Judge Paul Wooten rejected a request by International Union of Operating Engineers Local 14-14B for a temporary restraining order preventing the rules from being put into effect. The rules were supposed to take effect in late May, but background checks and other paperwork mean it will be several months before any licenses under the new standards can be granted. The judge set a hearing for Aug. 8 on the union’s lawsuit challenging the rules.
The operating engineers filed suit in state Supreme Court in Manhattan last month arguing that new crane licensing rules would “unlawfully dilute safety standards.” The suit argued that the Department of Buildings exceeded its authority by eliminating legislatively mandated rules; that the new rules invalidly do away with the requirement that applicants for a license train in the city; and that a new national test does not take into consideration the city’s unique urban density. In the near term, the union had asked for a restraining order preventing the rules’ implementation until the court decided the lawsuit.
“We are pleased the request for a restraining order was denied and that the Department of Buildings can move forward with its new requirements,” said Karen Selvin, an attorney for the city. “These requirements will ensure we continue to have the best-qualified, best-trained crane operators transforming our skyline.”
A spokesman for the union said the matter is far from decided. “We are gratified that the judge recognized the uniqueness of safety issues in New York City and therefore scheduled a hearing on Aug. 8 on the matter,” the spokesman said. “The larger issue is the hearing of whole matter in August.”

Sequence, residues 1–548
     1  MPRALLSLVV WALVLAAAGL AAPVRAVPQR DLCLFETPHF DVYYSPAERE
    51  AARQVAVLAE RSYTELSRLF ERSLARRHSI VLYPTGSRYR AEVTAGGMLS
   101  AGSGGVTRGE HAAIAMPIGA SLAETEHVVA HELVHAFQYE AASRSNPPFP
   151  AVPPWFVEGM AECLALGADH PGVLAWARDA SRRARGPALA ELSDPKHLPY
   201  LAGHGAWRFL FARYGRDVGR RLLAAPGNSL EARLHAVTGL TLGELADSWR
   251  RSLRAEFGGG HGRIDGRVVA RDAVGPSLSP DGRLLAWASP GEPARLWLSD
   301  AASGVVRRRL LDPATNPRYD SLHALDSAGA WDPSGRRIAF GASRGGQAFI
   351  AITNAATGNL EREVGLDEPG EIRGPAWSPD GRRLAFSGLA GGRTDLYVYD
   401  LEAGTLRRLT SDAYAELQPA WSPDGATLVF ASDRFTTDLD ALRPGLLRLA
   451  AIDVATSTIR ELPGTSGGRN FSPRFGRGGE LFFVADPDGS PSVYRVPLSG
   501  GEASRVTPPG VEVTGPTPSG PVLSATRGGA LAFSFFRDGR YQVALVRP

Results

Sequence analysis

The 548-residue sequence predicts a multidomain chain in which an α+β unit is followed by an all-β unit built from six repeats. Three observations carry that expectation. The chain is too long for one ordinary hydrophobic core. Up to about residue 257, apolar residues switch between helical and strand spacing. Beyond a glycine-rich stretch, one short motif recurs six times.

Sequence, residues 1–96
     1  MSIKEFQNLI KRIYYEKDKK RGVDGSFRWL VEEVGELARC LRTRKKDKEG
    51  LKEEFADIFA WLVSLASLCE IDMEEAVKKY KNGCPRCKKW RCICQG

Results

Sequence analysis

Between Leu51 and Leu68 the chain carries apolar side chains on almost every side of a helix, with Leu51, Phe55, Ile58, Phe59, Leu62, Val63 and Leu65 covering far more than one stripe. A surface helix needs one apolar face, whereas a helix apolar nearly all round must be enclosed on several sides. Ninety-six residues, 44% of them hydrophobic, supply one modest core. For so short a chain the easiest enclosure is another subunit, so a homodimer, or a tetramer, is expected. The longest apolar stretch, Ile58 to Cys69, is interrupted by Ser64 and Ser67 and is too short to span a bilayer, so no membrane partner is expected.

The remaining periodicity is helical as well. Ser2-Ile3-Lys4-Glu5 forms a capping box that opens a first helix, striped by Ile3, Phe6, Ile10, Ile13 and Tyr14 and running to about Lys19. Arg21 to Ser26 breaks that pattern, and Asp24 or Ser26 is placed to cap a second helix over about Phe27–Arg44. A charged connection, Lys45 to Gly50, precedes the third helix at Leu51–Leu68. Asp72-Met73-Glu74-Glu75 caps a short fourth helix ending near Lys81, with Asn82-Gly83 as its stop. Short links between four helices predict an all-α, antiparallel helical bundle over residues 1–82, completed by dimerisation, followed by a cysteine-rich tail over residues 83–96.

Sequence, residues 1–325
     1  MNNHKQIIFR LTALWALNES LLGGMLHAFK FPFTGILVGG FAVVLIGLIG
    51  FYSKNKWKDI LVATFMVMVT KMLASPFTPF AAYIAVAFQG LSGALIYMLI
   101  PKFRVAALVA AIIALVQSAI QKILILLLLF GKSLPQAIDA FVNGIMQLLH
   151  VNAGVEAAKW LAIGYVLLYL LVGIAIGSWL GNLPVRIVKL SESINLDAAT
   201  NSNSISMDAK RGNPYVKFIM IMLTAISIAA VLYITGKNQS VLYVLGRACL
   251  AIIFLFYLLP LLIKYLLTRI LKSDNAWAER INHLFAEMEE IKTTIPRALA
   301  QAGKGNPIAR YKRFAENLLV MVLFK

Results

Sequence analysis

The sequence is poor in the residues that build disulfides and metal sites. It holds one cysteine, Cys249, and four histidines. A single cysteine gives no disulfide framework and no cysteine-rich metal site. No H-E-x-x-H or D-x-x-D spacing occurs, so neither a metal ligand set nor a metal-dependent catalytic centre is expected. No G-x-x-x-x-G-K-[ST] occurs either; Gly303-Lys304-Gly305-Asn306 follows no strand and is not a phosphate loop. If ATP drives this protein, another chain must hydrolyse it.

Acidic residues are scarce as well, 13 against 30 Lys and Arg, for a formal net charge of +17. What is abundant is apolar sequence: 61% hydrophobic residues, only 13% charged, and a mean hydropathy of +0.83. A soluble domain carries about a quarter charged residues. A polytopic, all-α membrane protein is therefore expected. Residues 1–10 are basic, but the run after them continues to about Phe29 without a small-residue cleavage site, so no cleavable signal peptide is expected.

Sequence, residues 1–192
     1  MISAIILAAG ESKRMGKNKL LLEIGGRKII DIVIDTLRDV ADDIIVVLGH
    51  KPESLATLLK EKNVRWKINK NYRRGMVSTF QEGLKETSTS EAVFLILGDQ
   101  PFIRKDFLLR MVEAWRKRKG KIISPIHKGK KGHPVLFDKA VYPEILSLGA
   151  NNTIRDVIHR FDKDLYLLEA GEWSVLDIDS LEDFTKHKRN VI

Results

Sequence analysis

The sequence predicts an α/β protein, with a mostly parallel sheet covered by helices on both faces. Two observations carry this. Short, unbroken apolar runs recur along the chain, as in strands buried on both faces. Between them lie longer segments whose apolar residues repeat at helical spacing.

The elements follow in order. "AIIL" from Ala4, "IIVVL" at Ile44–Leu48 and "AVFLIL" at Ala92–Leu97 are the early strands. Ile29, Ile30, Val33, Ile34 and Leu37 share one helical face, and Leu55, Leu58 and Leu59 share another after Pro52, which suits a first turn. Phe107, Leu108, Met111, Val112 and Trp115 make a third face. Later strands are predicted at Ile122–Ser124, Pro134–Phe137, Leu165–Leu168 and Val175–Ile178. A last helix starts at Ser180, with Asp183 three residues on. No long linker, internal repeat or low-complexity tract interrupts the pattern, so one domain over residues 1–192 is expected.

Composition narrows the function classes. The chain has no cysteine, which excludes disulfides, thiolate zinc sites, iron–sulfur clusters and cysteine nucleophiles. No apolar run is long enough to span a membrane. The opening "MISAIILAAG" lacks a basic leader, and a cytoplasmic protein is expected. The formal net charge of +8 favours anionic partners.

The filing was the latest move in a protracted war, allegedly about safety, between the operating engineers and developers. The move to change licensing requirements followed several high-profile crane collapses, but the dispute over how to license operators has had as much to do with money and power as it does safety.
Publicly, developers, through the Real Estate Board of New York, have also focused on the safety issue. They argue, however, that the new rules would actually raise, not lower, standards in the city.
Mayor Michael Bloomberg has defended the rules and criticized the operating engineers for trying to block them.
Local 14’s grip on crane work gives the union leverage to freeze large developments—which invariably need a crane to hoist materials up, down and across work sites. Historically, the union’s power has helped it resist making concessions to bring down development costs. In an effort to ward off the new rules, Local 14 made a series of 11th-hour concessions last summer that averted a strike. But the rules proceeded anyway, leading the union last month to request an injunction. It is also pushing legislation in the City Council that would enable it to maintain control over who gets to work here.
To obtain a license now, most crane operators must go through Local 14 to get the necessary experience. The new rules will allow operators from other cities who hold a Class-A license—needed to work on medium-sized mobile and tower cranes—to get licensed in New York if they have held a similar license elsewhere for at least 10 years “and can demonstrate seven of those 10 years of experience were in an area of comparable urban density” to the city. Less experienced operators would still need a year on the job in the city before being able to get a license.
Many developers see the new rules as an opportunity to break the Local 14 monopoly by allowing out-of-town operators to get licensed here—though those workers may belong to a different local of the same union. Hourly wages, including base pay and benefits, for crane operators here total around $82. Annual pay varies, of course, because the work is not year-round, nor is it steady. Engineers in Chicago make $66 an hour in total compensation, and in Washington, D.C., they take home $39 an hour.
Author; Daniel Massey